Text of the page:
Earlier this year, many Downtown stakeholders were elated to discover that the Sydell Group, a New York-based developer of lifestyle hotels, had purchased the former Los Angeles headquarters of the Bank of Italy for $39 million. The vacant 12-story edifice - commonly known as Giannini Place - has remained in a state of disrepair for years, despite its location in the midst of the resurgent 7th Street corridor.
Now, details have emerged about Sydell's plan to convert the 1923 building into the second location of the NoMad Hotel chain.
According to an upcoming presentation to the Downtown Los Angeles Neighborhood Council's Planning and Land Use Committee, the proposed NoMad Los Angeles will include 241 guest rooms with custom-designed furnishings and original artwork. Hotel guests will have access to a rooftop pool and event deck with panoramic views of the city.
The building's ground level will feature multiple food and beverage venues, in addition to an approximately 1,000-square-foot retail stall fronting Olive Street. Each venue will take advantage of Giannini Place's high ceilings which are adorned with historic detailing.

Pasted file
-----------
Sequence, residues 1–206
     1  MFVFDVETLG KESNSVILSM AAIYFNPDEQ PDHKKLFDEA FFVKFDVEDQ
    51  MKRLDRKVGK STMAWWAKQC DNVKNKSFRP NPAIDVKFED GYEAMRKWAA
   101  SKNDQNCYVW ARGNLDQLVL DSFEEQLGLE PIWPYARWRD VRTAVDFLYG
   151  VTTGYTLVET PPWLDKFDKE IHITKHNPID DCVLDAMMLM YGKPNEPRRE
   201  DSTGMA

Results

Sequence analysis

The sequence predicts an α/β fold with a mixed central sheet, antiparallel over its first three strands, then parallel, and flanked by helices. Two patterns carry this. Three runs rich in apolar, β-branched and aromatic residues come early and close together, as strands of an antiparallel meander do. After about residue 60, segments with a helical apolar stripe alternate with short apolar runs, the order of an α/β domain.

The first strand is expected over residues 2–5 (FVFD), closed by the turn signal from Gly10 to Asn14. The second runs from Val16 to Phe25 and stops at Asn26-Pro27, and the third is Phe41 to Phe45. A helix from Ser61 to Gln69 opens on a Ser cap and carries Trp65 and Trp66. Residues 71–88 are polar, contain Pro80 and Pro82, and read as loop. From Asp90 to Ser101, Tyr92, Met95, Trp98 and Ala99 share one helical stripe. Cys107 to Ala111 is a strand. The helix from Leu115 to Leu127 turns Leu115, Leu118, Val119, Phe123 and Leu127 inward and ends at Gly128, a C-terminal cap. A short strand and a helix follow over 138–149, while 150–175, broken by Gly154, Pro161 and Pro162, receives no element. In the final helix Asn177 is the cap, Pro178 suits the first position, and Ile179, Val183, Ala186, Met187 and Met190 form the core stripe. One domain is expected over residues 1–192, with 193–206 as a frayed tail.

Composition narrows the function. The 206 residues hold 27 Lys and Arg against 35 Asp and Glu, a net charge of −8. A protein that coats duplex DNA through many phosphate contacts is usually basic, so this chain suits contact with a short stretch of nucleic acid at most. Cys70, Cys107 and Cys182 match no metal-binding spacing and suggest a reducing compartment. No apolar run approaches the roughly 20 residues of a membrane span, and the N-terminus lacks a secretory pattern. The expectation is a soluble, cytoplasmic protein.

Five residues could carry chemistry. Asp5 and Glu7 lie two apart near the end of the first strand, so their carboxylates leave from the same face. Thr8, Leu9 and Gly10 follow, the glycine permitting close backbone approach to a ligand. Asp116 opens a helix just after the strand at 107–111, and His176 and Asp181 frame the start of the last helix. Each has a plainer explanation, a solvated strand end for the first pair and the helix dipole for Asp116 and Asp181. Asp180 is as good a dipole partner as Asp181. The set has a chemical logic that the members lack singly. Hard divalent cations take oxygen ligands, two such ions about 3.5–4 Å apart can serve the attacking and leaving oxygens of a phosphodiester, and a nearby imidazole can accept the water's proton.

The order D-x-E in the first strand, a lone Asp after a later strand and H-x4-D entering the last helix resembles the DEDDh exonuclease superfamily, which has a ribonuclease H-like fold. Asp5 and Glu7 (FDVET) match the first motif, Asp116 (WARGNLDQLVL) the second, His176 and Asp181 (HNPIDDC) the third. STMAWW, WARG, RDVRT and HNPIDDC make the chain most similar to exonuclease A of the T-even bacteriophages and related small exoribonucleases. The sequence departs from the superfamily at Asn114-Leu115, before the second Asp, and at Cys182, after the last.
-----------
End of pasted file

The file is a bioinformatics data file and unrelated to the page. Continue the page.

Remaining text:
The hotel will also include a large fitness center, multiple meeting rooms and large outdoor seating areas.
The adaptive reuse project is being designed by Killefer Flammang Architects, a Santa Monica-based firm which has handled a number of historic conversions in Downtown Los Angeles. Their work builds upon that of Morgan, Walls & Clements, the acclaimed Los Angeles architecture firm which designed the mid-rise structure at 649 S. Olive Street over 90 years ago.
NoMad is the second Downtown venture for the Sydell Group, which is currently in the process of converting the 1924 Commercial Exchange Building one block south at 8th and Olive Streets into a 200-room Freehand Hotel. Completion of the Freehand is anticipated sometime during 2016, with the NoMad expected to follow roughly one year later.
Other major projects located nearby within the Financial District include the $180 million Bloc development, which is retooling the fortress-like Macy's Plaza into an open-air shopping complex anchored by a Sheraton Hotel and an office tower. Further west at Figueroa Street, the 73-story Wilshire Grand continues its 1,100-foot climb towards the title of "Tallest Building West of the Mississippi River."